Back to the Bay! First Open Water Row of the Season.

I was not expecting to be able to get out on the water this early in the season, but I lucked out to day.  It was sunny, and the temp was in the mid sixties.  Water temperature was around 45F, but it felt warmer than that.  There was a bit more wind than I would have liked, but not nearly as much as we had yesterday.

Here’s the weather data from my house for today.

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I launched right before 1pm, so the wind was building during my row.  This caused waves between 8″ and 12″.  This is big enough to present some steering challenges but not big enough to make it unpleasant.  There were a few scattered white caps.  Just to give you an idea of what it was like yesterday, here’s the weather data.  We had gusts up to 65mph over night on Saturday night and Sunday night.

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But thankfully, by the time Monday rolled around, it was much calmer.  I launched from the little beach a couple minutes away from my house, and rowed north up to wellfleet harbor.  This was splashy and slow into the wind and waves, but it was quite nice to be out on the water again.  On the expanse of the bay, my boat feels very small, especially when the waves build.   I finally made it to the breakwater of the onner harbor and turned.  Although the wind was from the north, it hooked around a bit and when I rowed to the east into the inner harbor, I was going with the wind and the waves.  This was some of the fastest splits I saw of the day.  I rowed up past the end of the town jetty and turned around into the wind and the tide to slog out of the harbor.  Once I passed the breakwater, I turned south and had the wind on my starboard stern quarter.  This was a tough angle to maintain.  The waves tried hard to push me to starboard and I had to maintain much heavier pressure on that side to stay straight.

Ultimately, I got the hang of getting my point and timing my strokes to surf the waves.  I would end up off course, but could swing back and repeat the cycle.  It was pretty fun and the time flew by on the way back to the island.  I rowed in front of my house back to the beach and landed there.

One bad thing, there must have been about a gallon of water in the boat.  I really have to get it fixed if I’m going to use it in the Blackburn.

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Sad but true.  I go slowly enough in my Alden star so that the pace doesn’t show up right in the plots.  You can see I was pushing hard enough so it was a good aerobic workout.  I was also trying to keep my rowing reasonably light by aiming at a stroke rate of 20.


Here’s a better view of the pace.  The first 2500 meters were into the wind and 8″ to 12″ waves.  The section from 2500 to 4000 was still into the wind, but I was approaching the north shore of the harbor and the waves were smaller.  I think I was also getting a bit more help from the incoming tide.  Around 4000m was where I turned into the harbor and I was rowing with the wind, tide and waves.  It was fast and fun. 5000 to 6200 was right into the teeth of the wind and against the tide.  Fortunately not much wave action.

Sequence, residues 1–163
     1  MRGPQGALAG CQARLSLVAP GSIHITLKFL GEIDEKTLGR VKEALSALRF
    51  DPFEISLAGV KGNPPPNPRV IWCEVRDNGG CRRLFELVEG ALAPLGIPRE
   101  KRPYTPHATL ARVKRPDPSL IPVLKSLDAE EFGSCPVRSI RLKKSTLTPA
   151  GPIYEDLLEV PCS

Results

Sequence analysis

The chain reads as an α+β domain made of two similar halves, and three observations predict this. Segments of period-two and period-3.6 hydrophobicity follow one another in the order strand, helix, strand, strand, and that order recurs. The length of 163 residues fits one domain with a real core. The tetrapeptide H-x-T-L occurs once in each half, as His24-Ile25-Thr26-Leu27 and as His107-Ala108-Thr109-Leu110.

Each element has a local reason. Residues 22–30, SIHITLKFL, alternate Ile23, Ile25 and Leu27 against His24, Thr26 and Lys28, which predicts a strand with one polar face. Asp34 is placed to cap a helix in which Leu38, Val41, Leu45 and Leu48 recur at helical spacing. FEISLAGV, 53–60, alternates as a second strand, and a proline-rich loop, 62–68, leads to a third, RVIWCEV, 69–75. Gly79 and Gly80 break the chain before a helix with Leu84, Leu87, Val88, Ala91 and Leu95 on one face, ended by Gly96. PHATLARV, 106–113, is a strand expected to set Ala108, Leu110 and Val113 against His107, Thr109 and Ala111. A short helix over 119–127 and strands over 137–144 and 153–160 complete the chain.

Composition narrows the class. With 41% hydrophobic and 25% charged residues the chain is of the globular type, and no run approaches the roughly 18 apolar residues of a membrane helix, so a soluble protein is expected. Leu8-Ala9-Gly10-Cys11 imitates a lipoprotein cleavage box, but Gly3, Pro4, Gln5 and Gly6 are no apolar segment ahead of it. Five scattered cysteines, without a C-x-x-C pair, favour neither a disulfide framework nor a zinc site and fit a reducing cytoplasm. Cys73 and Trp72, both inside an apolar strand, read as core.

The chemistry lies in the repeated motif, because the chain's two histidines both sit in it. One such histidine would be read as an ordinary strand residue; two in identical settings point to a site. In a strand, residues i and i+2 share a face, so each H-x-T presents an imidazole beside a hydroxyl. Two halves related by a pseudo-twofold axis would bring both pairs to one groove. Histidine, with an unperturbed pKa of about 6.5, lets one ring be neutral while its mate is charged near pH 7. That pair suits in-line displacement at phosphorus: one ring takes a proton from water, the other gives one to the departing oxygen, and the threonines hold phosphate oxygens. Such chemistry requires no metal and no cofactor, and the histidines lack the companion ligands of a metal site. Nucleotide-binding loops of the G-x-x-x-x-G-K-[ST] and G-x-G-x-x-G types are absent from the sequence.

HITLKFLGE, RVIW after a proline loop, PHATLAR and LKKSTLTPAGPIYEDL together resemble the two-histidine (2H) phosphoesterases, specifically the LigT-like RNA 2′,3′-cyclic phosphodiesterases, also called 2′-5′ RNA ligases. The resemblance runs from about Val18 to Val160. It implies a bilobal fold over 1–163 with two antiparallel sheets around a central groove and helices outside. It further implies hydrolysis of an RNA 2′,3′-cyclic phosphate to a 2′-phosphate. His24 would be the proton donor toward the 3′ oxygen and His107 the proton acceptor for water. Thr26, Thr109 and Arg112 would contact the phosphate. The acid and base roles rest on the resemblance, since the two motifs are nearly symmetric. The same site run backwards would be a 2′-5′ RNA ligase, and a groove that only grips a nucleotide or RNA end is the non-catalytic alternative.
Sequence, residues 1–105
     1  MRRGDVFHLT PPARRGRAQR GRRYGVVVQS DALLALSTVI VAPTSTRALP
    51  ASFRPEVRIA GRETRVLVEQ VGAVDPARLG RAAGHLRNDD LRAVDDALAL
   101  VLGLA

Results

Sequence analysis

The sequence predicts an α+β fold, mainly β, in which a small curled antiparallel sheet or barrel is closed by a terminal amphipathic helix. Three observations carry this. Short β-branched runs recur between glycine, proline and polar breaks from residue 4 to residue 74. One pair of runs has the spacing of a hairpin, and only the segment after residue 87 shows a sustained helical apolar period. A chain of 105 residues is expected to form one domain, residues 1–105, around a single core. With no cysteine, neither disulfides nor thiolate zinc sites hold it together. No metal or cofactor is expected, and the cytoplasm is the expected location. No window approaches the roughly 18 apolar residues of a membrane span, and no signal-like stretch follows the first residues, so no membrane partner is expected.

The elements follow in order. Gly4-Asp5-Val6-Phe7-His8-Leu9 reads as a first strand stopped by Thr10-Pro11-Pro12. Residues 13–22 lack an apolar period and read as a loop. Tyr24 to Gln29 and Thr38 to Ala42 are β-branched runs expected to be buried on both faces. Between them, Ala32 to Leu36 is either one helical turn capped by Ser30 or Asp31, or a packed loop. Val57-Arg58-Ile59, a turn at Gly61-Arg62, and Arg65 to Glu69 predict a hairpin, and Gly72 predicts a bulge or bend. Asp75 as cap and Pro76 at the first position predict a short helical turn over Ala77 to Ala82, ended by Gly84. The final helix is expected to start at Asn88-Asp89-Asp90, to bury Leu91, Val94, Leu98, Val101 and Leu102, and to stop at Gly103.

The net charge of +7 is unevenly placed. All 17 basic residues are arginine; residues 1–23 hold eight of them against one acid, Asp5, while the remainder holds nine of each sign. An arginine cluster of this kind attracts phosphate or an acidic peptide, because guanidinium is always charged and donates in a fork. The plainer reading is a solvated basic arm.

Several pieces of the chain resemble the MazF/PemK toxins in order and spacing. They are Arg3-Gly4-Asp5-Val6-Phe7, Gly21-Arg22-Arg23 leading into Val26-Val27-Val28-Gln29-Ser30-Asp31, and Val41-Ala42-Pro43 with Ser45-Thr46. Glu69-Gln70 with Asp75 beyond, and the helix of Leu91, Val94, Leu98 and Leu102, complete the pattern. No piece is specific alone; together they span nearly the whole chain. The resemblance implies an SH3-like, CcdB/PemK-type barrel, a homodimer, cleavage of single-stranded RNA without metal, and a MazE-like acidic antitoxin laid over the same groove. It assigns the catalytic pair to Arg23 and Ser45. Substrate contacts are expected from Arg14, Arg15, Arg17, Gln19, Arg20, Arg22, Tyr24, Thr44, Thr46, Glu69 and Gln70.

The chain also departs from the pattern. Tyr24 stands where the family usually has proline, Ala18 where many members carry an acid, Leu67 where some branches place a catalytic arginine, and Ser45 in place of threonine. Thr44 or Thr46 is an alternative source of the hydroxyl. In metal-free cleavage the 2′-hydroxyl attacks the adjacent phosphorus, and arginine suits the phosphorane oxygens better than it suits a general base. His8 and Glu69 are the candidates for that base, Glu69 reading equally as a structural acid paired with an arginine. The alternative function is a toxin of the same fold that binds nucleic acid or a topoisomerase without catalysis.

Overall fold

Then from 6200m to the end I was rowing downwind with the waves on my stern quarter.  The pace variations were basically dependent upon the size of the waves and whether or not I was getting swamped.  That happened a lot.  You can see from the HR that I was holding a pretty consistent level of pressure.


All in all an unexpected treat being able to get a row in this time of year.


2 thoughts on “Back to the Bay! First Open Water Row of the Season.

  1. sanderroosendaal says:

    We could do a “coastal” type in It would match up with “water” on concept2 and “rowing” on the big fitness tracking sites. I could adapt the axis limits for coastal on the static plots.

    You describe the challenges and pleasures of coastal rowing really well. I like how you have to adapt your stroke rate to work “with” the waves instead of against them. Maybe I should get our club’s liteboat out one day with really strong winds and waves on our lake.

    Liked by 1 person

  2. gregsmith01748 says:

    It would be great if I could log coastal rowing distinctly from on the water. It would also help with searching and for the analysis that looks across workouts.

    I’m not sure what it’s like to row a real coastal single. It weighs about 10-15kg more than my Alden, and it’s a lot broader across the stern. I imagine it would be better in big surf, but might feel really sluggish in the conditions I generally see.


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